definitions so beneficial in comparison. Magara (2014) describes process-oriented definitions as

“highlighting the minimum set of processes at the core of democracy- effective participation,

voting equality, enlightened understanding of each community member, their control of the

agenda and inclusion of the adult population”. Tilly’s process-oriented definition, particularly its

consideration of “state capacity” (Tilly, 2007, p.7) is arguably more greatly encompassing than the

alternative definitions, especially because it acknowledges that state enforcement has a role to play in

how far a state is democratic in practice, unlike constitutional definitions, which focus more on

theory than practice. Moreover, in describing a “minimum set of processes that must be

continuously in motion” (Tilly, 2007, p.9) process-oriented definitions encourage both

accountability in a state and outline the areas in which regimes can improve to enhance

democracy (democratization) but also present understanding on how de-democratization can

occur in a state.


Nonetheless, to conclude, all four main types of definitions of democracy that we have assessed

and compared are correct in their own right. We have seen that there are numerous definitions of

democracy, each with its own strengths and weaknesses. The consequences of choosing one

definition over another change depending on the scope of the definition- favouring Constitutional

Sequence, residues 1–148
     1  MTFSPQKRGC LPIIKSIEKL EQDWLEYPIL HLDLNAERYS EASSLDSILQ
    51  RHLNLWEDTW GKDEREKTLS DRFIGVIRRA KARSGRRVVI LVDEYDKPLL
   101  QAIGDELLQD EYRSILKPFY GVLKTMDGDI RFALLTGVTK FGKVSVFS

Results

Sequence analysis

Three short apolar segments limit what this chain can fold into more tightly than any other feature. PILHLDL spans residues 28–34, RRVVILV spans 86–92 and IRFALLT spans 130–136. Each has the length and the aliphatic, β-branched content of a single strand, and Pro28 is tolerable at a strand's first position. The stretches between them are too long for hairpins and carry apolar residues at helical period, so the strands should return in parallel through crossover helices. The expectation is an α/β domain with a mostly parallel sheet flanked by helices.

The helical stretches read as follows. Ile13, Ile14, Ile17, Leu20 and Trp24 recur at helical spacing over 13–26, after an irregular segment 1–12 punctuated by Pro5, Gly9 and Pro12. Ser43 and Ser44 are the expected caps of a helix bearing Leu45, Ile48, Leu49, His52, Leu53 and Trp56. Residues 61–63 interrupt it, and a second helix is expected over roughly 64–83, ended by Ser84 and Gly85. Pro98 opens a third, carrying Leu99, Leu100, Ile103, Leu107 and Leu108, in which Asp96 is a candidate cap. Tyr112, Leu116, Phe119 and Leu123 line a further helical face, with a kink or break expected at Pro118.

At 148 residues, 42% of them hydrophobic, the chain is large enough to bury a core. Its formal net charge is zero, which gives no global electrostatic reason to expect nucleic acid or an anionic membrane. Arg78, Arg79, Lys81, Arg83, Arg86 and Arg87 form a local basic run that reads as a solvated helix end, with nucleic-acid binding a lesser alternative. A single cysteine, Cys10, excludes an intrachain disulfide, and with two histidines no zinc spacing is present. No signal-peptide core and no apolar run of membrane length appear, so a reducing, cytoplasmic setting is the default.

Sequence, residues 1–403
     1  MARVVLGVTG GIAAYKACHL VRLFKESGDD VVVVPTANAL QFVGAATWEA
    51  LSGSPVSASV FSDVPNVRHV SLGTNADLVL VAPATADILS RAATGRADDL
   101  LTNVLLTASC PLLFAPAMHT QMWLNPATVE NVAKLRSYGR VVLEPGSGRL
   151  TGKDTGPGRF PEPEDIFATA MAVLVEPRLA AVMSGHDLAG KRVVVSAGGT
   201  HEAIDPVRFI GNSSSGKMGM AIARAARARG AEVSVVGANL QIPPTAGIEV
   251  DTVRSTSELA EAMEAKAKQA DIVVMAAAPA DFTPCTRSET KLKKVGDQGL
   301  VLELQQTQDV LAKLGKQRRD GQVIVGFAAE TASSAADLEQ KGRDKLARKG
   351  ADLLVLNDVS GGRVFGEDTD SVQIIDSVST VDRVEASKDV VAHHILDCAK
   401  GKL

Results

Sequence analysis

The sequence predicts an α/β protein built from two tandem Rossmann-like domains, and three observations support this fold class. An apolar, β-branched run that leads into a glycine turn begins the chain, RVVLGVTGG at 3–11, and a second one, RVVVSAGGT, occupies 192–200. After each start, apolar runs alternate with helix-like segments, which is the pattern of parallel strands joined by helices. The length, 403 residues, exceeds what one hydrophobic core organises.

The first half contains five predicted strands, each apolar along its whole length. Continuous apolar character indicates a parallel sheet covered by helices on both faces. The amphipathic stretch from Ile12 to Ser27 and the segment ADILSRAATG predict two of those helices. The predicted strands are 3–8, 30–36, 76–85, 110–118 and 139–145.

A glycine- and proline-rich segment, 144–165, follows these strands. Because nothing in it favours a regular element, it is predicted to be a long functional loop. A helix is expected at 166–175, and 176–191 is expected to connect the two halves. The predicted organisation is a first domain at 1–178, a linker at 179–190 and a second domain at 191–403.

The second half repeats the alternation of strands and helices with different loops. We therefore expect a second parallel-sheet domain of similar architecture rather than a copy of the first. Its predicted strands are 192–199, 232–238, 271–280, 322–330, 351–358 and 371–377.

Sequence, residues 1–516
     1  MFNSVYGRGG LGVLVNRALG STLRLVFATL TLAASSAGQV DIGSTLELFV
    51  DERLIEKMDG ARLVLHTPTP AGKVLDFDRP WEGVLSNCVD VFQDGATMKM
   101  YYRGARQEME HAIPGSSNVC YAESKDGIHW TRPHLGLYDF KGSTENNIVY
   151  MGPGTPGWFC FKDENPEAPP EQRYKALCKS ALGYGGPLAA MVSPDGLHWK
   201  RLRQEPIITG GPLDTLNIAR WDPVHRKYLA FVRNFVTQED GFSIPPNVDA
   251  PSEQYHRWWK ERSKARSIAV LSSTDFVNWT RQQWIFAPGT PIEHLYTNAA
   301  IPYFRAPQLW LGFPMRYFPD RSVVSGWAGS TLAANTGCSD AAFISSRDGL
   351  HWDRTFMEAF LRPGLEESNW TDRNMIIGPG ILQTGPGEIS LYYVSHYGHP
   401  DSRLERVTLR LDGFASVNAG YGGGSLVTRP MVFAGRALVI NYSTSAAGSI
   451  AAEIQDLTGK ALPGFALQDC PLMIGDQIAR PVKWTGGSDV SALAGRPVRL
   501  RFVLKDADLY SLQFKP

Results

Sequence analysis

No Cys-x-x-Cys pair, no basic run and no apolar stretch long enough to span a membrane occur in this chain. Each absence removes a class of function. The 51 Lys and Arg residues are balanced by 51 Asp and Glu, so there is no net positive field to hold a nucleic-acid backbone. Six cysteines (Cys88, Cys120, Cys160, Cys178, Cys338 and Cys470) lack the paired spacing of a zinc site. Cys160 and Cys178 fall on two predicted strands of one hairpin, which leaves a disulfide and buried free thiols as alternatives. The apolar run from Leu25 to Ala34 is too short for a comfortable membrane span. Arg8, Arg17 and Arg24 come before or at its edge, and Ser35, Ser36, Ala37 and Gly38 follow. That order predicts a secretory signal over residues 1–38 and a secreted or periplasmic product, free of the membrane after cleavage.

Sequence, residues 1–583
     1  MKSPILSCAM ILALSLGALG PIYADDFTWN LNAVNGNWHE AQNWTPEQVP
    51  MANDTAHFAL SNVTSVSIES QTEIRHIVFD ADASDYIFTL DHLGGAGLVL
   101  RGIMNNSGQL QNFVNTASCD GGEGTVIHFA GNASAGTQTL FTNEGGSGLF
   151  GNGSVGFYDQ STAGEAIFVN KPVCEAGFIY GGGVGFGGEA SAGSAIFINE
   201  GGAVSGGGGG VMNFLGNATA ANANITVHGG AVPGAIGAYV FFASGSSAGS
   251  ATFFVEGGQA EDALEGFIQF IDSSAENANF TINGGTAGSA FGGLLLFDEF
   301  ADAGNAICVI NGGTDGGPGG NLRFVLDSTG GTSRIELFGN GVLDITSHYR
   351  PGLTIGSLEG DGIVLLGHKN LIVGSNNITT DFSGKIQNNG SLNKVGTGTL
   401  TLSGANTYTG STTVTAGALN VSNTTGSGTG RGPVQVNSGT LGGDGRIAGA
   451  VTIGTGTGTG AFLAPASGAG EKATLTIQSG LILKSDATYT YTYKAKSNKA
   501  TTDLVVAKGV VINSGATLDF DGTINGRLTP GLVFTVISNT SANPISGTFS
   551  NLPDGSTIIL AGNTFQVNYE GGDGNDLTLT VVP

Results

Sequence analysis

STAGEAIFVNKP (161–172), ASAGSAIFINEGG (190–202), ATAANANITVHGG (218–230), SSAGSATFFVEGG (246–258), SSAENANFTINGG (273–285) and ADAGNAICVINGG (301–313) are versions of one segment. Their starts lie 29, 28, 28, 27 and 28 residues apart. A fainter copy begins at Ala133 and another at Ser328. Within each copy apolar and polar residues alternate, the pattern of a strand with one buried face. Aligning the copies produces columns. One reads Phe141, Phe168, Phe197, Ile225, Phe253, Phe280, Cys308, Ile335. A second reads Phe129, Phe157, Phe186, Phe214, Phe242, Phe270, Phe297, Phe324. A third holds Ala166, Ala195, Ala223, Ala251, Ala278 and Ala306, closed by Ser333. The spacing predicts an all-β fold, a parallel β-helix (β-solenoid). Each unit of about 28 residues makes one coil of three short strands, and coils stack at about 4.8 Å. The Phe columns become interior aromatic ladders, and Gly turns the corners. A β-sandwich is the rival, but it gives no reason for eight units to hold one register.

definitions, for example, may have costs in that a regime that is undemocratic in practice will not

be seen so. In light of the important points each definition raises and in representing different

values and perspectives, however, all are vital in contributing to our understanding of what

democracy really is according to each one of us.



TILLY, C. (2002) Stories, Identities, and Political Change. Maryland: Rowman & Littlefield Publishers



ISAKHAN, B AND STOCKWELL, S. (2012) The Edinburgh Companion to the History of Democracy.

Edinburgh: Edinburgh University Press


TILLY, C. (2007) Democracy. Cambridge: Cambridge University Press


HAFNER, A, KROISSENBRUNNER, S AND POTZ, R. (2010) State, Law and Religion in

Pluralistic Societies – Austrian and Indonesian Perspectives. Vienna: Vandenhoeck & Ruprecht


Freedom House. (2015) Indonesia [Online] Available from:

https://freedomhouse.org/report/freedom-world/2015/indonesia [Accessed: 6th November



RODRIGUEZ , C ET AL. (2013) Turkey’s Democratization Process. Abingdon and New York:



SCHUMPETER, J. (1947) Capitalism, Socialism and Democracy. 2nd ed. New York: Harper


ABDELRAHMAN, M. (2004) Civil Society Exposed: The Politics of NGOs in Egypt . London: Tauris

Academic Studies


MAGARA, H. (2014) Economic Crises and Policy Regimes: The Dynamics of Policy Innovation and

Paradigmatic Change. Glos: Edward Elgar Publishing Ltd.


MØLLER , J AND SKAANING S. (2012) Democracy and Democratization in Comparative Perspective:

Conceptions, Conjunctures, Causes, and Consequences . Oxon: Routledge